For months now, Washington has been buzzing with speculation that Republicans would try to pay for their tax cut plan in part by mucking around with Americans’ retirement accounts. Most recently, members of the House have been contemplating a plan that would lower the cap on annual 401(k) contributions to a measly $2,400 a year—an idea so self-evidently toxic among upper-middle-class savers that President Trump attempted to snuff it out on Tuesday, via tweet.
Had it flown from the fingers of any other president, such a message might have killed the 401(k) conversation for good. But because Trump’s promises tend to be ephemeral, Republicans are still treating the idea as very much alive. Rep. Kevin Brady, who chairs the House committee in charge of writing tax legislation, told a breakfast group that congressional Republicans were still “working very closely with the president” on the subject and that “we think in tax reform we can create incentives for people to save more and save sooner.” Senate Finance Committee Chairman Orrin Hatch also said he was willing to “look at anything”—including lowering the 401(k) cap.
Whether or not the move is really devastating to middle-class savers, it will almost certainly tick them off. Today, workers have a choice when it comes to how they want to build a nest egg. They can save pre-tax dollars in a traditional 401(k), paying the IRS only when they withdraw money during retirement. Or they can save post-tax dollars in a Roth account, drawing from their investments tax free when they’re living out their final years in Florida seniors community.
If you expect to pay the same tax rate for your entire life, it doesn’t matter much whether you pick a traditional 401(k) or Roth; the government will take its cut eventually, and your savings will come out the same. But on paper at least, a traditional 401(k) is a better deal for people who expect to pay a lower tax rate during their retirement. This describes an awfully large number of Americans, since people’s incomes tend to drop when they’re no longer working full time and are living off savings. If Republicans force them to use a Roth instead, savers will lose some of the tax advantages they enjoy today.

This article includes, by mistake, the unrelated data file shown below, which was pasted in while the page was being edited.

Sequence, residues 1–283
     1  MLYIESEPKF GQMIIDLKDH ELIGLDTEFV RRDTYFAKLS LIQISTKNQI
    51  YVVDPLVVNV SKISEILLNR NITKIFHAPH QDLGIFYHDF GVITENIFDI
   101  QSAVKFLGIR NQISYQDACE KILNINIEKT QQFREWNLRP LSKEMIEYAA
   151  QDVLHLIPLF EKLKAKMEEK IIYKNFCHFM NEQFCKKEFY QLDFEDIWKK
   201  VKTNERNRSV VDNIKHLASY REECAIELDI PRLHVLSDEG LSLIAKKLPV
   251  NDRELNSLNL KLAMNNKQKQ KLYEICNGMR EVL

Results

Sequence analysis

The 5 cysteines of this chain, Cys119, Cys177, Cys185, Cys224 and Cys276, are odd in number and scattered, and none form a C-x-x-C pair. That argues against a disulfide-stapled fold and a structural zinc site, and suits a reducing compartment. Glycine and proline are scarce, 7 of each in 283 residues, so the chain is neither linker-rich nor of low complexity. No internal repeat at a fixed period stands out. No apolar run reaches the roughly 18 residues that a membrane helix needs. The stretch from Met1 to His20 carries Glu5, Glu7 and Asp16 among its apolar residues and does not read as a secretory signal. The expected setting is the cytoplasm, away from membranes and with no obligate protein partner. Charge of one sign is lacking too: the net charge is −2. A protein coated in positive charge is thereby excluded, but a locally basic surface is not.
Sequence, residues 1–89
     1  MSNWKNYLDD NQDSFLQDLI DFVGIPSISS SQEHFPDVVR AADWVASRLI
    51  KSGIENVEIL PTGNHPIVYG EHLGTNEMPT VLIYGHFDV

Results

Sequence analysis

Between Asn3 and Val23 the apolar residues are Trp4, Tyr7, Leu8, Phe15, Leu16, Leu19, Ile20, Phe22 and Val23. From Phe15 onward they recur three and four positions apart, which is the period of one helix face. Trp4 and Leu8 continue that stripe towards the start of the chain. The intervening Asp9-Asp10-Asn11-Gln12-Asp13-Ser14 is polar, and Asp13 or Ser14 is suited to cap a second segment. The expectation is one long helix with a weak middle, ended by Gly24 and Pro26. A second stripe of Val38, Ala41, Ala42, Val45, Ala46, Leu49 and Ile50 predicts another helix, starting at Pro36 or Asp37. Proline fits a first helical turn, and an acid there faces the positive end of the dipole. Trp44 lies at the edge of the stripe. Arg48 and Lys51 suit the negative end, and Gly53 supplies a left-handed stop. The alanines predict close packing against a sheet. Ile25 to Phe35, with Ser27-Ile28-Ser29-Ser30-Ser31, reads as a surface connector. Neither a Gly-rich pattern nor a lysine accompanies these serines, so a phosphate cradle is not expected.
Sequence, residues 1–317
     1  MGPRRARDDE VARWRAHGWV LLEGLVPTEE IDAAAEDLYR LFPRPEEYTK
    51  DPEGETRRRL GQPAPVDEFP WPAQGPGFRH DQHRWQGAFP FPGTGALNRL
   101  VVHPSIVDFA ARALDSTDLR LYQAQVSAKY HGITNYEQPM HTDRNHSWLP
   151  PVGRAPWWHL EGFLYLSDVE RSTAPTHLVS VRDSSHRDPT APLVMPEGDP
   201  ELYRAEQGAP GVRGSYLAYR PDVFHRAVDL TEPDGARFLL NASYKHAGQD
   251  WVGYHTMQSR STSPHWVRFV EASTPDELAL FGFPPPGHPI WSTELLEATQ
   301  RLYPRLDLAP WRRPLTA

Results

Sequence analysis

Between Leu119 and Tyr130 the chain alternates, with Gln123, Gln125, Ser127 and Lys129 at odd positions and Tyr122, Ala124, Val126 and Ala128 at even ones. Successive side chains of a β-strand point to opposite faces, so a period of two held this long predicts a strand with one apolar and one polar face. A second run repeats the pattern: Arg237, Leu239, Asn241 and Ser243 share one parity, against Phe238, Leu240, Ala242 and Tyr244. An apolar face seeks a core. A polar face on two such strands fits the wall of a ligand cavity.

That’s not going to sit well with the millions of people in this country who already think of retirement as a borderline unattainable fantasy. As a matter of public policy, relying on tax-advantaged savings accounts that disproportionately benefit high-earners to help workers save enough for old age has turned out to be a mammoth public policy mistake—one that’s left an entire generation financially vulnerable heading into their golden years. But curtailing 401(k)s doesn’t seem likely to help the retirement crisis we’ve created. The best one can say about it is that, according to some recent research, Roth-style accounts might help workers by effectively tricking them into saving more once taxes are taken into consideration. But that seems unlikely to comfort anybody who’s ever gazed despondently at a Fidelity account.
And speaking of Fidelity: Crushing the 401(k) isn’t just going to enrage voters. It’s also going to anger the financial services industry, which has already been gearing up opposition. Mutual funds earn fees based on how much money they manage. If Americans start saving more for retirement post-tax, that will likely lead to fewer dollars sloshing around Vanguard and BlackRock funds, cutting into their profits. This may in fact be the main benefit of the policy—as University of Chicago law professor Daniel Hemel shows with some nifty arithmetic, moving to Roth accounts could theoretically let Americans save the same amount of money for retirement, after taxes, while giving a smaller cut to Wall Street. That would probably be socially useful, but another political strike against the idea.
Economists and fiscal hawks also tend to frown on the idea of paying for tax cuts by curtailing 401(k)s, because they see it as a budget gimmick. It raises money in the short term by forcing people to pay taxes on their retirement savings today. But it loses money in the future by letting people withdraw savings tax free later. The move doesn’t so much increase revenues as move them forward.
Some wonks have even wondered whether this undermines the entire rationale for lowering the 401(k) cap. Under the Senate’s reconciliation process, which Republicans are relying on to bypass Democratic filibuster, bills aren’t allowed to raise the deficit outside of Congress’s budget window. If wringing money from retirement savers today raises the deficit tomorrow, it might violate those rules, making the entire gesture useless even as a mere accounting gimmick.
All of which makes the GOP’s determination to stick with this idea kind of odd. The president hates it. Lobbyists hate it. Savers will hate it. And the move might not actually help them pass their bill. It smacks of desperation—a party that’s out of ideas.